Henrico accepts a development of 800 houses in Varina

HENRICO COUNTY, Va. (WRIC) — After hours of hearings involving local residents, county planners and state Sen. Joe Morrissey, Henrico County has decided to build an ambitious 800-home neighborhood on a piece of farmland in the western edge of the county.

The planned development, known as Arcadia, originally called for 1,000 homes, including single-family lots, townhouses and condominiums — all for sale, with the proposal expressly excluding any rental units.

But in several last-minute changes announced just before Tuesday’s public hearing, the developer reduced the total number of units to a maximum of 800 and proposed a number of other changes to allay concerns from Varina residents.

Conceptual plan showing the proposed development scheme. Under the revised plan, the intersection labeled “Access #4” will no longer be included. (Courtesy of Henrico County)

“The first change you’ll notice is the total units offered. It was originally proposed to build up to 1,000 residential units,” a county spokesman said. “Now … the revised proposal is that no more than 500 units on the west side of Wilson and on the east side of Wilson will be phased into the project … the number of no must exceed 295 units.”

The plan is the first in the county to use the new “SMX-PD” zoning type, a denser form of suburban development that combines single-family homes, apartments, townhouses and condominiums.

County planners also emphasized that the projects were designed to minimize traffic impacts on Route 5 — also known as New Market Road.

“The previously proposed connection to Route 5 has been removed by the amended proposal number 4,” a county spokesman said.

During public comment, most speakers opposed the project, citing a wide range of objections, mostly related to the relatively high density of housing included in the proposal. Others also argued that they had not had enough time to consider the changes made to the plan.

“It’s clearly not fair that this matter is coming to the full council tonight when the proposals were brokered until 5 o’clock tonight,” Henrico resident Lynn Wilson said. “We didn’t have the opportunity to consider them, to consider them among ourselves.”

Varina Supervisor Tyrone Nelson was sympathetic to residents’ concerns, but said the county and developers have met with them multiple times and significantly changed the proposal in an effort to find a compromise.

He pointed to the requirement that some of the new homes be zoned for affordable housing as the reason the project must move forward tonight.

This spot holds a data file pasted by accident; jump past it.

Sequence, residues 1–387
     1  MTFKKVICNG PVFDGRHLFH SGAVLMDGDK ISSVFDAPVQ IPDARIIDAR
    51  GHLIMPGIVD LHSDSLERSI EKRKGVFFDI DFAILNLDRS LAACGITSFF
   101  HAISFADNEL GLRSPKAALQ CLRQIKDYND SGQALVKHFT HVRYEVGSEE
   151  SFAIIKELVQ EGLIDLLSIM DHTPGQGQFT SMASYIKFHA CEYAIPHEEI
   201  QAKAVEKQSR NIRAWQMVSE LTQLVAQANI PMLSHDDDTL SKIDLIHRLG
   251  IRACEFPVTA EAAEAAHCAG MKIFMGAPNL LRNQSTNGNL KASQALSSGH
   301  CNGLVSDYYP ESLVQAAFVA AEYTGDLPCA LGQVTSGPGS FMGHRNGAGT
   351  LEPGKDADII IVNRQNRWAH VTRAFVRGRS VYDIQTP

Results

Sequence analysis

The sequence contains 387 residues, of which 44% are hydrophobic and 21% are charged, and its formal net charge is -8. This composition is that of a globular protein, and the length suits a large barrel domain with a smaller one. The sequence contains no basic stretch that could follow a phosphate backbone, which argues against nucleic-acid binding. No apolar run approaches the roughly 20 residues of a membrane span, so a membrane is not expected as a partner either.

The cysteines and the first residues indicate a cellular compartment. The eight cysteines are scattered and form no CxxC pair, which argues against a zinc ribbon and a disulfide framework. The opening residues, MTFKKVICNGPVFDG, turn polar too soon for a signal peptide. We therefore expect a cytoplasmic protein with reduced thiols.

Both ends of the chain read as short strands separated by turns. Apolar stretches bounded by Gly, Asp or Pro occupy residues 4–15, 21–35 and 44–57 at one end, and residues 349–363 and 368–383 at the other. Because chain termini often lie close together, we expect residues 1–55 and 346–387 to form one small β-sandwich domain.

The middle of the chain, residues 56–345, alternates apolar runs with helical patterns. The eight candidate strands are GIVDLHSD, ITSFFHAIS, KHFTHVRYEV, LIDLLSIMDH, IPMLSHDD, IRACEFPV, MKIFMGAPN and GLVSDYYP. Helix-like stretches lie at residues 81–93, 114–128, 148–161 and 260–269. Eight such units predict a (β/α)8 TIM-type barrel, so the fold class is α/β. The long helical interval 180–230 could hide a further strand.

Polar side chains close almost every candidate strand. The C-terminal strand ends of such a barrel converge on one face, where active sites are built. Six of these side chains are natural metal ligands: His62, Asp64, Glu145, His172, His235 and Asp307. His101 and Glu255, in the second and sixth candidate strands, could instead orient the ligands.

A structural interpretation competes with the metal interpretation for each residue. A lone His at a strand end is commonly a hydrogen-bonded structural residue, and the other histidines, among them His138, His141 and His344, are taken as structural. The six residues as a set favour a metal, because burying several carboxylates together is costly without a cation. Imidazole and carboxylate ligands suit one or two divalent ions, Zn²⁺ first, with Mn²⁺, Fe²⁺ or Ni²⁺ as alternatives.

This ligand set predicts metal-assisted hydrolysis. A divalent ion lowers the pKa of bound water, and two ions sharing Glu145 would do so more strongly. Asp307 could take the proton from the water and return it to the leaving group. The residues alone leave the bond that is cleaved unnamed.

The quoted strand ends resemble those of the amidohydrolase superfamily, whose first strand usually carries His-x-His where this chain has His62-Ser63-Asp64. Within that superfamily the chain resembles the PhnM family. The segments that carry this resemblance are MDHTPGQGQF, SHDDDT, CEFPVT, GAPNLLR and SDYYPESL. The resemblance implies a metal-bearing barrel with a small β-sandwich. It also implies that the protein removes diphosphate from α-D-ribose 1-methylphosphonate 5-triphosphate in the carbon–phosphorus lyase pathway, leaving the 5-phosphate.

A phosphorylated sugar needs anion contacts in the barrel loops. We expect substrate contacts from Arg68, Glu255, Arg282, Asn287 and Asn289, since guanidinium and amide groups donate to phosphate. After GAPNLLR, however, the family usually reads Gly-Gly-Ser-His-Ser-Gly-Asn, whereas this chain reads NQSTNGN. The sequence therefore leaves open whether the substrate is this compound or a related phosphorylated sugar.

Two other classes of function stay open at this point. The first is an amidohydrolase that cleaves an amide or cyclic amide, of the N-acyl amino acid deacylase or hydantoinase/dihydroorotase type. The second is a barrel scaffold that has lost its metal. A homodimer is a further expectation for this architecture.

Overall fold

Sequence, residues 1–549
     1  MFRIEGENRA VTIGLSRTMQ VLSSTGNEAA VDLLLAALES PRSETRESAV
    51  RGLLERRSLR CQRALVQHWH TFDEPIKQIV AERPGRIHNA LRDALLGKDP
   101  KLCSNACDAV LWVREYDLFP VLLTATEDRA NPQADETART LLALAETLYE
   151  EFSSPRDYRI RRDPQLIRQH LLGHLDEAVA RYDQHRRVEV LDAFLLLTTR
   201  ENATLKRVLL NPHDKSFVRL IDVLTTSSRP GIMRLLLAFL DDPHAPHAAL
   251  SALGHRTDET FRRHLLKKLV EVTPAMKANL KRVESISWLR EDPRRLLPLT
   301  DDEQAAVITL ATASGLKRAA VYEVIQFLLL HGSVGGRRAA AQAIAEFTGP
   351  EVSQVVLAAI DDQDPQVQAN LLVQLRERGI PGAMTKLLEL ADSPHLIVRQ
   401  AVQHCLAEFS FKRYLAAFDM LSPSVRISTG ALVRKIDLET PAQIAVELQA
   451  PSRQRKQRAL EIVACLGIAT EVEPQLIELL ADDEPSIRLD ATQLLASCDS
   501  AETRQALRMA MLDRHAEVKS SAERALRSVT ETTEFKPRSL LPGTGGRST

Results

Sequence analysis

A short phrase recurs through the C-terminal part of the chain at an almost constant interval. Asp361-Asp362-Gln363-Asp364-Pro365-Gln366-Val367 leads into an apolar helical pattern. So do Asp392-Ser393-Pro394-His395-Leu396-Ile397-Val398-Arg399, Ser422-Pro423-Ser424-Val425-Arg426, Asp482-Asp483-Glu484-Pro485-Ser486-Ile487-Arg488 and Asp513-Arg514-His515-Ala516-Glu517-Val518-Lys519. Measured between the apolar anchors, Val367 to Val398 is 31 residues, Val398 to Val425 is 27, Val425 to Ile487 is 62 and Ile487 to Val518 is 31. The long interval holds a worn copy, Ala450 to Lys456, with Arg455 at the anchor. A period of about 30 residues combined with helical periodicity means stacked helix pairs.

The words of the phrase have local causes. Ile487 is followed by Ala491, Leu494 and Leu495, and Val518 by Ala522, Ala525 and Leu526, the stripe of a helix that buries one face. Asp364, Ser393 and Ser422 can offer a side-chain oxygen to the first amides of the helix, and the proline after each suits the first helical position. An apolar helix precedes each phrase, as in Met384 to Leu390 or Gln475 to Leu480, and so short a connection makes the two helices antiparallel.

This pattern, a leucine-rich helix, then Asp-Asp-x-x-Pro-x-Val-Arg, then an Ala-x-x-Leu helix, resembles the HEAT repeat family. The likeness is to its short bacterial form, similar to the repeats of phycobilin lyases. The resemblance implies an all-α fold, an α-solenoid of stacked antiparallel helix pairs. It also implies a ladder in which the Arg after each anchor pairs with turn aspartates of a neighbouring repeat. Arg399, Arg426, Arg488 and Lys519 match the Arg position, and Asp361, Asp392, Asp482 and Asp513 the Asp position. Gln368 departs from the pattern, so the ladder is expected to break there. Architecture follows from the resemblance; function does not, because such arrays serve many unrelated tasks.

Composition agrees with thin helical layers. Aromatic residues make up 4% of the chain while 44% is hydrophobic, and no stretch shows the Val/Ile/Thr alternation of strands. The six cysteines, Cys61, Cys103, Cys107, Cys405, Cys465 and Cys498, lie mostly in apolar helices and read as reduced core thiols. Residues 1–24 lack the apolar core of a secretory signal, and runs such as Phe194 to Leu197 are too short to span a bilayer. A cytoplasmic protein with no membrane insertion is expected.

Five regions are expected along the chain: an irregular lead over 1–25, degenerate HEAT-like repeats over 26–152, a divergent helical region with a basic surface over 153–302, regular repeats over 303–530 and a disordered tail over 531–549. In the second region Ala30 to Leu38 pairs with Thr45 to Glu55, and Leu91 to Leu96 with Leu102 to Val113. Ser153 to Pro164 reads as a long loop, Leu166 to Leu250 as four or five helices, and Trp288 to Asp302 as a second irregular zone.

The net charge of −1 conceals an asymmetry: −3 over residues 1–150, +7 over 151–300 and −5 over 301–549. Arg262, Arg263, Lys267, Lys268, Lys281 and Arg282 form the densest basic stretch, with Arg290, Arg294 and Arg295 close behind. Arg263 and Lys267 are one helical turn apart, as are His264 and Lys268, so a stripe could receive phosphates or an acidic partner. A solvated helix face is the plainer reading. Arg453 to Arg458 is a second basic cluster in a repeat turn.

“One of the things I wanted to see was affordable housing,” he said. “We’ve never put that as a condition in the history of Henrico County.”

Erika Sims, CEO of the Maggie Walker Land Trust, spoke during public comment in support of the project, saying her organization had reached an agreement with the developer.

“Through our arrangement with East West Development, we will be able to make 20 units in the first phases available to families at approximately $200,000,” she said. “Henrico doesn’t have any quality homes for sale at this price.”

The plan also faced surprise opposition from Sen. Joe Morrissey, whose district includes parts of eastern Henrico. He said he received more than 90 letters from residents concerned about the project, most of them expressing opposition.

“The introduction of 800 units is a complete change in the nature of what Varinians want,” he said. “They do not want and have not bargained for a density of more than 800 homes.”

The Arcadia development is proposed for a 262-acre agricultural parcel on the northeast corner of Pocahontas Park and Route 5 (New Market Road).

But Bill Nelson, whose family owns the farmland in question, told the board the project was what they wanted.

“My family managed the land well and took care of it themselves, making improvements along the way,” he said.

But he added that he is the last member of his family to farm in Henrico, pointing to economic pressures that have largely put an end to small family farms in the area.

“I think Arcadia is a well-planned community and it will be an asset to our county,” he said. “I am asking to approve the development.”

In the end, Nelson said he saw no good reason to delay the project any further, especially given the changes the developer had agreed to.

“So I’m back to the question, delay or deny?” he said. “Delay it for what? A couple more weeks before we do it again? The conditions that were offered today were for the best.”

Shortly thereafter, the council voted unanimously to approve the project.

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